A study in the June 2015 issue of Health Affairs comparing wages of health sector employees to those of similarly qualified workers in other sectors found that although healthcare workers are paid only slightly more on average than their counterparts in other sectors (adjusting for education, experience, and demographics), health-sector professionals (e.g., nurses and physicians) earn much more than professionals in other sectors with similar qualifications. By contrast, non-professionals employed in hospitals and physicians’ offices are paid similarly to their counterparts outside of the health field, while non-professionals in nursing homes are paid significantly less than their equivalents, according to the study.
“At the mean, nurses earn about 40 percent more than would be predicted based on education, experience, and demographics, and physicians earn nearly 50 percent more than would be predicted.”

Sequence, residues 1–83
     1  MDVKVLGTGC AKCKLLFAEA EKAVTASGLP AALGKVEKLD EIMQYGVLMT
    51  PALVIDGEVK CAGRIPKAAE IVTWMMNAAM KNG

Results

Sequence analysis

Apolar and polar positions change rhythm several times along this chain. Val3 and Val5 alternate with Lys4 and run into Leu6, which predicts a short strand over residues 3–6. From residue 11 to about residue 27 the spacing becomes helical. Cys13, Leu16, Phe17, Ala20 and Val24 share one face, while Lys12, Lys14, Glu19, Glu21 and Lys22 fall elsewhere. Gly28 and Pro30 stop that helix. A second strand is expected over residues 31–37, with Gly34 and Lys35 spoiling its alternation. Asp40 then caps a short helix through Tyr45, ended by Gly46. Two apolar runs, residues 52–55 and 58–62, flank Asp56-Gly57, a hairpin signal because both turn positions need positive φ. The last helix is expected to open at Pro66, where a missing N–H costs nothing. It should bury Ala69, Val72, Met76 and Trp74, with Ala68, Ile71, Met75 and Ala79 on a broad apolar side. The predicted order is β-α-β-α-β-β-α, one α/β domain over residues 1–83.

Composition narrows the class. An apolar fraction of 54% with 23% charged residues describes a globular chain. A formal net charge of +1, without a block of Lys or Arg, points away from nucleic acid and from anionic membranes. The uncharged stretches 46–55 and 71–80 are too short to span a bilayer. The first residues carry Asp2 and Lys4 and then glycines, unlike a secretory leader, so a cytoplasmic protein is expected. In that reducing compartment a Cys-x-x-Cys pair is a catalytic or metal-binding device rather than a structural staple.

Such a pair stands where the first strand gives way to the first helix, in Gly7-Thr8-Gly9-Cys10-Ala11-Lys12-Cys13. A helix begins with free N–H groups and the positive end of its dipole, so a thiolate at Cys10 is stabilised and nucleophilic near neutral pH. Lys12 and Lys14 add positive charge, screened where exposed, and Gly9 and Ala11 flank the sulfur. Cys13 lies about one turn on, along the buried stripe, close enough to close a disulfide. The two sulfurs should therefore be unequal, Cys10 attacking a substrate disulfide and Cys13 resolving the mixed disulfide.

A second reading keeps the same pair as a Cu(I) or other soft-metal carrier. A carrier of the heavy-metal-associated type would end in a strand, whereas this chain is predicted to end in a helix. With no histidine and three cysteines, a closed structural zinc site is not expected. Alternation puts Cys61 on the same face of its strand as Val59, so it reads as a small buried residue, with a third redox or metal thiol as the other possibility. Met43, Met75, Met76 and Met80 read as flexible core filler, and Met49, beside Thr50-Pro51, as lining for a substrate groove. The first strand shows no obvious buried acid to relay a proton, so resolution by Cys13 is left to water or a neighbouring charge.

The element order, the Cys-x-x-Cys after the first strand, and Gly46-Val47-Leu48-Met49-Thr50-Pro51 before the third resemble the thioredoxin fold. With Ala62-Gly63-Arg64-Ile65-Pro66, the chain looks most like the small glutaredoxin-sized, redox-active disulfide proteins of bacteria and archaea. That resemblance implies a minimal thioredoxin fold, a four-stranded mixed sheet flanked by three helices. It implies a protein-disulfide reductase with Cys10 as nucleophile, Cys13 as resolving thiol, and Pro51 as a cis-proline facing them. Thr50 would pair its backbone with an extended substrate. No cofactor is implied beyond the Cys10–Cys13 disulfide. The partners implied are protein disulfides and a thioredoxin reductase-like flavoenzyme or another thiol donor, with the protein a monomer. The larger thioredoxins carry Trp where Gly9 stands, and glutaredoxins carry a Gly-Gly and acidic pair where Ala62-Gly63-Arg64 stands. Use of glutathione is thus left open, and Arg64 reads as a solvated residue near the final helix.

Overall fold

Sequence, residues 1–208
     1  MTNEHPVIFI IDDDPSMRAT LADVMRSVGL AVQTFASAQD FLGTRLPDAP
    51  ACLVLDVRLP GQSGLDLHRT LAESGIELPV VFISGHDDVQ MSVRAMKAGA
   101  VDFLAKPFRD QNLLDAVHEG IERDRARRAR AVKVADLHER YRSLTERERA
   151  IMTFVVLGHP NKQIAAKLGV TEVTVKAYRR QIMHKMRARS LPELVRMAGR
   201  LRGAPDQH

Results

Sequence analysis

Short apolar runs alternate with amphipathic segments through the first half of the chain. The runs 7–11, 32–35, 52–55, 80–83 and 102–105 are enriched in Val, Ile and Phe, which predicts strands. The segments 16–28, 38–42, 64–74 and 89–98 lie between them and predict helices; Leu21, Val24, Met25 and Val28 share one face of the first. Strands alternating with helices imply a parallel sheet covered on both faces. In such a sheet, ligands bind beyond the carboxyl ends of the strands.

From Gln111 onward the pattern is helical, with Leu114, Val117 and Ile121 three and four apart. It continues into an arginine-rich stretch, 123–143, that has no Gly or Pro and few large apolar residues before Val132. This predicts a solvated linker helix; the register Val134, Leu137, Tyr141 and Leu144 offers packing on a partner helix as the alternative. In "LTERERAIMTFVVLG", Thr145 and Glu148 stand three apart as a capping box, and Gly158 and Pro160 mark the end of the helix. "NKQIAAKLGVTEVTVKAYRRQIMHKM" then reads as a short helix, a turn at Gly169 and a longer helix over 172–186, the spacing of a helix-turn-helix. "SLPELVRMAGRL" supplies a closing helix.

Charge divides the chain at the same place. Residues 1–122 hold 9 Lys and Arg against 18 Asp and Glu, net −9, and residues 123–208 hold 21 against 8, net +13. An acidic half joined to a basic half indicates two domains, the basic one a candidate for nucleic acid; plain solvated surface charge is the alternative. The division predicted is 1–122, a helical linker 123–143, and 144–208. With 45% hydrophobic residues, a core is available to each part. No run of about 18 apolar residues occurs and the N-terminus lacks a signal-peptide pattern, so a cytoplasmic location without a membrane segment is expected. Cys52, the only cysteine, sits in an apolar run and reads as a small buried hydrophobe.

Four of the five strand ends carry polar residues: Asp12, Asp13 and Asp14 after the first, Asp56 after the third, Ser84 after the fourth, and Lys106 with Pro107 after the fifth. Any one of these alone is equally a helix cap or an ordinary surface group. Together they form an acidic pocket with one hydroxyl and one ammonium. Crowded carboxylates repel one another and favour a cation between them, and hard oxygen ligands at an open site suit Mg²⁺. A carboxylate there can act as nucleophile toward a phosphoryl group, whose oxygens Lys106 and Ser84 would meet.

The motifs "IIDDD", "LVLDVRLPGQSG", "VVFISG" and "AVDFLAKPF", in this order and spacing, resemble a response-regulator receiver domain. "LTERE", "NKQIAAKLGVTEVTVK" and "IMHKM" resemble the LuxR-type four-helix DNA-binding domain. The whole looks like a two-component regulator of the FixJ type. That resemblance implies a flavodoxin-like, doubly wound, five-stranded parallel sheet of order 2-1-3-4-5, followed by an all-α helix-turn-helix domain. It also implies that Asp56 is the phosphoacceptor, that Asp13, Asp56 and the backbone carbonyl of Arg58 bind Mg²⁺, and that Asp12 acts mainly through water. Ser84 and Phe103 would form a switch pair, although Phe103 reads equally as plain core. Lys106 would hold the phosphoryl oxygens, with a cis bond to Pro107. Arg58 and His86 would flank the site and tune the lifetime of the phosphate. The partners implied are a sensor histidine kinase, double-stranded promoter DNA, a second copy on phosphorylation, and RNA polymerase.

– Sherry Glied and colleagues, Health Affairs
In the same issue of Health Affairs, researchers at Stanford University looked at changes in market concentration among orthopedic practices between 2001 and 2010, and found that physician fees for total knee replacements increased with market concentration. Although there was an overall $261 decline in fees for knee replacement surgery during the 10-year period, in markets that became much more concentrated (meaning they moved from the bottom to the top quartile of concentration), private payers paid $168 more per surgery (a nearly 7 percent increase).
“…spending on physician fees more generally accounts for a substantial portion of the level and growth in national health expenditures. Understanding the relationship between market concentration and physician fees more generally therefore has important implications. The case of total knee arthroplasty may serve as a useful example of physician fees for surgery, since it is a commonly performed procedure whose use nearly doubled between 1991 and 2010.”
– Eric Sun and Laurence C. Baker, Health Affairs
This study adds to a substantial amount of research indicating a correlation between concentration in hospital markets and higher private insurer payments to hospitals.